Foreigners, minorities and integration

The Muslim immigrant experience in Britain and Germany

By Sarah Hackett

Foreigners, minorities and integration
Hardcover +
  • Price: £18.99
  • ISBN: 9780719083174
  • Publish Date: Nov 2013
  • Publisher: Manchester University Press
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    Paperback +
  • Price: £18.99
  • ISBN: 9781784992811
  • Publish Date: Jan 2016
  • Publisher: Manchester University Press
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    eBook -
  • Price: £18.99
  • ISBN: 9781526102461
  • Publish Date: Nov 2015
  • Publisher: Manchester University Press
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    Book Information

    • Format: eBook
    • ISBN: 978-1-5261-0246-1
    • Published Date: November 2015


    This book explores the arrival and development of Muslim immigrant communities in Britain and Germany during the post-1945 period through the case studies of Newcastle upon Tyne and Bremen. It traces Newcastle's South Asian Muslims and Bremen's Turkish Muslims from their initial settlement through to the end of the twentieth century, and investigates their behaviour and performance in the areas of employment, housing and education. At a time at when Islam is sometimes seen as a barrier to integration and harmony in Europe, this study demonstrates that this need not be the case. In what is the first comparison of Muslim ethnic minorities in Britain and Germany at a local level, this book reveals that instances of integration have been frequent. It is essential reading for both academics and students with an interest in migration studies, modern Britain and Germany, and the place of Islam in contemporary Europe.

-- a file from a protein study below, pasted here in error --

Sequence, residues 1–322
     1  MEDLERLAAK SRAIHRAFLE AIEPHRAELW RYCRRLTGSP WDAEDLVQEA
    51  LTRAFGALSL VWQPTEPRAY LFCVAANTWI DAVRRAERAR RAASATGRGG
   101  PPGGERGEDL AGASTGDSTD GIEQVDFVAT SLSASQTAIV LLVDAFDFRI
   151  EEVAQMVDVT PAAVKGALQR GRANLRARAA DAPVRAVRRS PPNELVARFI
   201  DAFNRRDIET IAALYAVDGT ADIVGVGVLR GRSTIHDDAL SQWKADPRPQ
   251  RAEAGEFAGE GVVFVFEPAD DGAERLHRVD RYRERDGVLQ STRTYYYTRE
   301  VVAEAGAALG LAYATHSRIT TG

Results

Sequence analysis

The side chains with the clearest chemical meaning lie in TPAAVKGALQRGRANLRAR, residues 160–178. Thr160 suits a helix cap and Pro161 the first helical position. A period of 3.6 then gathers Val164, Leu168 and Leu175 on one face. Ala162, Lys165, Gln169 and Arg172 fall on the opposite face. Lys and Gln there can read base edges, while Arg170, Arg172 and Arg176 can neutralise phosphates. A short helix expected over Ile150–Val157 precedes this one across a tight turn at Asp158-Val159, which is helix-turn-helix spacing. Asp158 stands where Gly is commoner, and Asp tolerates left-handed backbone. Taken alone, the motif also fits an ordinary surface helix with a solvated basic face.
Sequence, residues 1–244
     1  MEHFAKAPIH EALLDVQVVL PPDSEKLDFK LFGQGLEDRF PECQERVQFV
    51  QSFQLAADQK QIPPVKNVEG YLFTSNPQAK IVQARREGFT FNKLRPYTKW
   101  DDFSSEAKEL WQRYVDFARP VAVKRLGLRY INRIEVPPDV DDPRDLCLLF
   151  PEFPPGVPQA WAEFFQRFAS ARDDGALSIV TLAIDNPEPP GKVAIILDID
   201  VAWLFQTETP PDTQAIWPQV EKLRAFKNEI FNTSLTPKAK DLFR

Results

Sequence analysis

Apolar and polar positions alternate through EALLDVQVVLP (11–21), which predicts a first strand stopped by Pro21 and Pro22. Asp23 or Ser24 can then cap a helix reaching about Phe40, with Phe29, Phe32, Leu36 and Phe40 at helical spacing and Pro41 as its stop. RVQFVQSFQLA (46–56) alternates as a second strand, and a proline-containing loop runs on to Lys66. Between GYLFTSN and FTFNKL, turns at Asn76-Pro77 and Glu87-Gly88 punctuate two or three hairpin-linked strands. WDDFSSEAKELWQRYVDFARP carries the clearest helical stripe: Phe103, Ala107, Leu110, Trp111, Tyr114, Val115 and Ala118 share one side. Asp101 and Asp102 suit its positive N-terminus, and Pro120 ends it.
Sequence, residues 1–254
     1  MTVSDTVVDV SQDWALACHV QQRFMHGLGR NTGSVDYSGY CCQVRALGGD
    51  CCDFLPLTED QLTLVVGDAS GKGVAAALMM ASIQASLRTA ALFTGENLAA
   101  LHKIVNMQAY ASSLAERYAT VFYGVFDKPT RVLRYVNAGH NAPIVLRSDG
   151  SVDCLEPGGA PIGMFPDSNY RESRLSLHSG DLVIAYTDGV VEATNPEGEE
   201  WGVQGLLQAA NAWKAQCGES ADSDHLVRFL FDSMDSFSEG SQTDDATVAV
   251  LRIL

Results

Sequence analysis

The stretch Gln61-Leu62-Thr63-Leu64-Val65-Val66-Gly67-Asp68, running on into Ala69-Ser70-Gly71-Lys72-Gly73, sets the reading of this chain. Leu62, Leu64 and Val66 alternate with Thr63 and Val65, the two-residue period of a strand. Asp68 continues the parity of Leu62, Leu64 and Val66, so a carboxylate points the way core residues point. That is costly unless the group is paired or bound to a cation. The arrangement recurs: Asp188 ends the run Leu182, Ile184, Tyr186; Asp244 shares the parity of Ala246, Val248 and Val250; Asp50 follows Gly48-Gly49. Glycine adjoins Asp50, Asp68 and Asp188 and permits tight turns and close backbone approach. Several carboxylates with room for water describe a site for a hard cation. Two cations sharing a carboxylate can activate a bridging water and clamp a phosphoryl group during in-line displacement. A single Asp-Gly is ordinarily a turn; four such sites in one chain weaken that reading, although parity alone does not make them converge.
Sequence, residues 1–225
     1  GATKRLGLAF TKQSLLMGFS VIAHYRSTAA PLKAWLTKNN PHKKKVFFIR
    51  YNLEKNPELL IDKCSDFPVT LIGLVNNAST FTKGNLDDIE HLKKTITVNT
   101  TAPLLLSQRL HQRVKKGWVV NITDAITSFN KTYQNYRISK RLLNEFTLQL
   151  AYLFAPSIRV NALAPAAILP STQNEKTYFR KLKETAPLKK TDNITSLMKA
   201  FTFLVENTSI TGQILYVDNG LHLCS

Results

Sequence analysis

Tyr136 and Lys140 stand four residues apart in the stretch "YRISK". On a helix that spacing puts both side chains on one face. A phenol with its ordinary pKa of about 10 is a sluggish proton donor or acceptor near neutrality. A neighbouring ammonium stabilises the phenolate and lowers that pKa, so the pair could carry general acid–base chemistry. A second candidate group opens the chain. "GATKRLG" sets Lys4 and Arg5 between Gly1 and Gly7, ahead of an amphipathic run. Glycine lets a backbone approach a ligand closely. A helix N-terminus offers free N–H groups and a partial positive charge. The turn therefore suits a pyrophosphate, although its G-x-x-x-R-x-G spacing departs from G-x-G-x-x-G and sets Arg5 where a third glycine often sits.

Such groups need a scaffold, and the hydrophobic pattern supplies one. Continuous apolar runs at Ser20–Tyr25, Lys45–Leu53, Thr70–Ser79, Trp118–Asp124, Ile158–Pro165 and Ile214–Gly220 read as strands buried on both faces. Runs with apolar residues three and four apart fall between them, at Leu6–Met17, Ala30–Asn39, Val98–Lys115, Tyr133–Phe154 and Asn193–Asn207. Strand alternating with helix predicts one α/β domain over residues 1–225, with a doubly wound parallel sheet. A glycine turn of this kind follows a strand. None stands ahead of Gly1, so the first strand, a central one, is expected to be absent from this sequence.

'I would recommend this book to undergraduate and postgraduate students as well as academics who are interested in the issue of Muslim immigrant integration in Britain and Germany, and those who are interested in local perspectives in integration studies.'
    Erdem Dikici, Insight Turkey


    Introduction: A history of immigration to modern Britain & Germany: National and local perspectives
    1. Self-preservation to determination: The employment sector
    2. Neighbourhood which? The housing sector: Owner-occupation & ethnic neighbourhoods
    3. The education sector: The three R's: Race, relations & arithmetic
    4. Conclusion: Comparing communities, challenging conceptions


    Sarah Hackett is Senior Lecturer in Modern European History at Bath Spa University

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